A press release issued Tuesday explaining their action, it stated, the board of directors of the Metropolitan Water District of Southern California voted today to provide the additional financing necessary to allow for the construction of the full California WaterFix project.
The board authorized $10.8 billion for the project to modernize the state’s aging water delivery system, making Metropolitan the primary investor in the project and more than doubling the agency’s initially planned investment to ensure the project is completed as originally proposed and studied. “For decades, we have sought a solution to the problems of the Bay Delta, problems that put Southern California’s water supply at risk,” Metropolitan board Chairman Randy Record said. “We finally have that solution, California WaterFix. We simply could not jeopardize the opportunity to move this long-sought and much-needed project forward.”
WaterFix will be paid for by the people and businesses that use the water it helps deliver via the retail water agencies and cities that serve those customers. Metropolitan’s financing of the full project is expected to cost households on average up to $4.80 a month, though that average cost would be reduced as Metropolitan recoups some of its investments from the agricultural sector. Metropolitan will be selling or leasing capacity in the tunnels to allow water deliveries or exchanges for other parties.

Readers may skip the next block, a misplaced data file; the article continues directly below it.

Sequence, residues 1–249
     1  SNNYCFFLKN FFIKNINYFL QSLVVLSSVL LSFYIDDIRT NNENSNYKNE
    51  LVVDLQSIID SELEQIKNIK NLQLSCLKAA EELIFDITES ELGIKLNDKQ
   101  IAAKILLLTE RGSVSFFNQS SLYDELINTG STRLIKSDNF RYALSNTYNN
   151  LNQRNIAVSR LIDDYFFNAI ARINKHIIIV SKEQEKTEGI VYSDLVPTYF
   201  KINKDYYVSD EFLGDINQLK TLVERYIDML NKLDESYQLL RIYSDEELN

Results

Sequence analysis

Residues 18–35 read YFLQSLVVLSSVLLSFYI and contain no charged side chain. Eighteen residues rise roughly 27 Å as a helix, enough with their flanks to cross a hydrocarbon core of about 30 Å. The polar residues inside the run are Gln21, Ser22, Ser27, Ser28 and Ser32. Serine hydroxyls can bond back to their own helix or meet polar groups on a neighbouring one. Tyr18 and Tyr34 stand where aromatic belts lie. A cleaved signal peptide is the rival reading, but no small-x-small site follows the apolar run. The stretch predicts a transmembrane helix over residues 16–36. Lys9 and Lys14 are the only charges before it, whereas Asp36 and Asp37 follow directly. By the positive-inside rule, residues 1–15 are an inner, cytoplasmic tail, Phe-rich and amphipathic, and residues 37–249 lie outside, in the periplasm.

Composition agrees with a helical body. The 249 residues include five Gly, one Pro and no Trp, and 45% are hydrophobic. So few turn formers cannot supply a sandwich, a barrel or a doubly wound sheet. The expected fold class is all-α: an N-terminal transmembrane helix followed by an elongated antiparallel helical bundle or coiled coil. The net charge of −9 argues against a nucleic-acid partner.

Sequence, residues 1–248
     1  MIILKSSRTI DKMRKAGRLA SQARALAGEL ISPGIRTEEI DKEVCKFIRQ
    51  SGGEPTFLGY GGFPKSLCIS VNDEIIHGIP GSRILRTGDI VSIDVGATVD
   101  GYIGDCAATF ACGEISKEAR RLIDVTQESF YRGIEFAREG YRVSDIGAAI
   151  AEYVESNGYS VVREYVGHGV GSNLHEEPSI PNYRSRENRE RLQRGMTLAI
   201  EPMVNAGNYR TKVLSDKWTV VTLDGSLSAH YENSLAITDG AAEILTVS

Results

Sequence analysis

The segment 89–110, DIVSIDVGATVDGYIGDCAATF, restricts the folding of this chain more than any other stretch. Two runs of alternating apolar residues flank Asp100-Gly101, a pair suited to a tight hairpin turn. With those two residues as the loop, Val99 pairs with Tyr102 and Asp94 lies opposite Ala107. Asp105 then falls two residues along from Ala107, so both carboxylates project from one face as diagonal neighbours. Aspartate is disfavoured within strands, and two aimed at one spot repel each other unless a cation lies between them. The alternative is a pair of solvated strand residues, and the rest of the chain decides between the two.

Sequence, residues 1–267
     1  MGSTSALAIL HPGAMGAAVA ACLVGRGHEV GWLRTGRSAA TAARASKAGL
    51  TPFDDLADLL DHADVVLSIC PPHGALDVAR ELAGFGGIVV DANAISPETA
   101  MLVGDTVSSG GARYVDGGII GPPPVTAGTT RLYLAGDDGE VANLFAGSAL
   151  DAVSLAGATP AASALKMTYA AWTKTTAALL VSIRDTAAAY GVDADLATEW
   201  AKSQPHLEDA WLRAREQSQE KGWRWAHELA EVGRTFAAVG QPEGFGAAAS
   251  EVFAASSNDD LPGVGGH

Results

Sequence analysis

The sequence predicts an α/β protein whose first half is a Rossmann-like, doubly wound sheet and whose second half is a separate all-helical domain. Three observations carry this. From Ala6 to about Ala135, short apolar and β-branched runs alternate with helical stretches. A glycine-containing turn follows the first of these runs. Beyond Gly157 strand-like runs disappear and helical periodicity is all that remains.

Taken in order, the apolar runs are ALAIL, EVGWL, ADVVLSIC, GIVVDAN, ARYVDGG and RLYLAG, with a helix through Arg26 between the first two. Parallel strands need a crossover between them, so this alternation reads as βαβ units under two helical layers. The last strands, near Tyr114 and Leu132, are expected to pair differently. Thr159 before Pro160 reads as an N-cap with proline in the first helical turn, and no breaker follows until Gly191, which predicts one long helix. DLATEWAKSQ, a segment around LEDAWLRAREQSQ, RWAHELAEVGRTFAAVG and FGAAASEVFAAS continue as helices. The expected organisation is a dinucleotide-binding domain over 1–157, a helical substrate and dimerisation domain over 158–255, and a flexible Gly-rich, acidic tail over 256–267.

About 30 percent of the water that flows out of taps in Southern California comes from Northern California via the Sacramento-San Joaquin Delta. But the Delta’s delivery system is badly outdated, its ecosystem is in decline and its 1,100-mile levee system is increasingly vulnerable to earthquakes, flooding, saltwater intrusion, sea level rise and environmental degradation.
Attempts to help the Delta have led to regulatory restrictions that have reduced water exports from the region. California WaterFix would modernize the state’s water delivery system by building three new water intakes in the northern Delta and two tunnels to carry the water under the Delta to the existing aqueduct systems in the southern Delta that deliver water to cities and farms.